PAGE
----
Loosening Nicotine's Deadly Hold
A grant of over $8 million has been awarded to the Scripps Research Institute and the University of Pennsylvania School of Medicine to help develop anti-addiction drugs for tobacco users.
Fish Are People Too
Scientists are studying a tiny zebrafish in order to better understand how anxiety and stress affect the brain, pinpointing a key brain structure that may hold the answers.
Flu Sweeps the Nation
Nationwide flu hospitalizations among older US adults peak first in western states such as California, Utah and Nevada and last of all in eastern New England states like New Hampshire, Rhode Island and Maine.
The Little Gene that Could
The protein known as SIRT1 -- known for its life-spanning effects -- has been shown to inhibit prostatic intraepithelial neoplasia (PIN), which often prefigures prostate cancer.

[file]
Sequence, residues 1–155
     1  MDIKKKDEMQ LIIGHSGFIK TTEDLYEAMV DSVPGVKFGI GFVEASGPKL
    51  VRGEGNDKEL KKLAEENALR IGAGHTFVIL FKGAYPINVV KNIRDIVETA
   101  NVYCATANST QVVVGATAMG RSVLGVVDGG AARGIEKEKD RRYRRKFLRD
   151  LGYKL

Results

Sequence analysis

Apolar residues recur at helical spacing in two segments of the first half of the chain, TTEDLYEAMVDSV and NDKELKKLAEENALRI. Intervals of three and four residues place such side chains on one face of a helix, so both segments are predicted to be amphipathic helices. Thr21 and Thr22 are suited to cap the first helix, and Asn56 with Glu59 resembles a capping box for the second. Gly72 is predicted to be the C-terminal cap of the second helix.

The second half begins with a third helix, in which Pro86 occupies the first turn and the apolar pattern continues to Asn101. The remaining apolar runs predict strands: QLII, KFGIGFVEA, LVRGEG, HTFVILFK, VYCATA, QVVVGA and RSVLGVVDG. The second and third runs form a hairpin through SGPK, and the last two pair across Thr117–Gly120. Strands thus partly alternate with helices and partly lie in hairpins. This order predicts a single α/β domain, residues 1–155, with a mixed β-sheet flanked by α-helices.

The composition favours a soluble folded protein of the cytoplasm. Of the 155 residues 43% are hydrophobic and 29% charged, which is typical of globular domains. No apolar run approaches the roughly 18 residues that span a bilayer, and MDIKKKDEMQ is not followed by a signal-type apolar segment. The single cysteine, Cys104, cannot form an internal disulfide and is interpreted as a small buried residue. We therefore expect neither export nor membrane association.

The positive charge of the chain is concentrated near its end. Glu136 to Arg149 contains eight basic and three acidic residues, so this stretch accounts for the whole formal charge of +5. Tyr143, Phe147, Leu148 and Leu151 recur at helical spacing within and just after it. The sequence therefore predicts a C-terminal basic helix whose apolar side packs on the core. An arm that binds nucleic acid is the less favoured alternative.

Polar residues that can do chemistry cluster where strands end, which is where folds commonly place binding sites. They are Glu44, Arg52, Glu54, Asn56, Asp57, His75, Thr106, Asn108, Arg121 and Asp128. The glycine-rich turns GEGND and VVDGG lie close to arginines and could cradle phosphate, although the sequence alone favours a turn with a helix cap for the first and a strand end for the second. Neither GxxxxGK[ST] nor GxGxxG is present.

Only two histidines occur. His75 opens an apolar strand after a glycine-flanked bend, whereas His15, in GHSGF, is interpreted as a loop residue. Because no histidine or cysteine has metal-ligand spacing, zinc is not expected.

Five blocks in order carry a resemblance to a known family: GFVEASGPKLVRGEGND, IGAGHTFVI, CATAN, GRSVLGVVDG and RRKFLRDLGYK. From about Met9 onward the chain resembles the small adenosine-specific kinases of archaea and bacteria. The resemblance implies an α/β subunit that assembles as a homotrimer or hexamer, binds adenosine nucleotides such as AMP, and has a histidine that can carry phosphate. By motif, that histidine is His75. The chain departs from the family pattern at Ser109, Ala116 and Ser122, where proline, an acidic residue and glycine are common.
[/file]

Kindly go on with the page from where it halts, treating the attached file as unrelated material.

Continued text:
Removing or inhibiting the enzyme 12-lipoxygenase might prevent or help treat ischemic retinopathy by delaying the growth of blood vessels in the retina.
The Gift that Keeps on Giving
Have you saved a life this month? It's not too late. January is Blood Donor Month, so find your local donation center, hold out your arm and look the other direction.
How Long to Suckle?
In 2001, the World Health Organization (WHO) recommended that mothers exclusively breast feed their babies for the first six months. However, a new review disputes the WHO recommendation.
Just a Few More Steps
As most people know, plenty of exercise is likely to prevent obesity and reduce the risk of diabetes. Yet, a new study finds that simply increasing the amount of steps taken each day will also reduce the risk of obesity and diabetes.
In the Comfort of Your Own Home
New findings show that home-based dialysis may suit some kidney transplant failure patients.
Some Patients Are Saying No to Drugs
Some heart attack patients are not taking their medications, thus putting themselves at greater risk of hospitalization and death.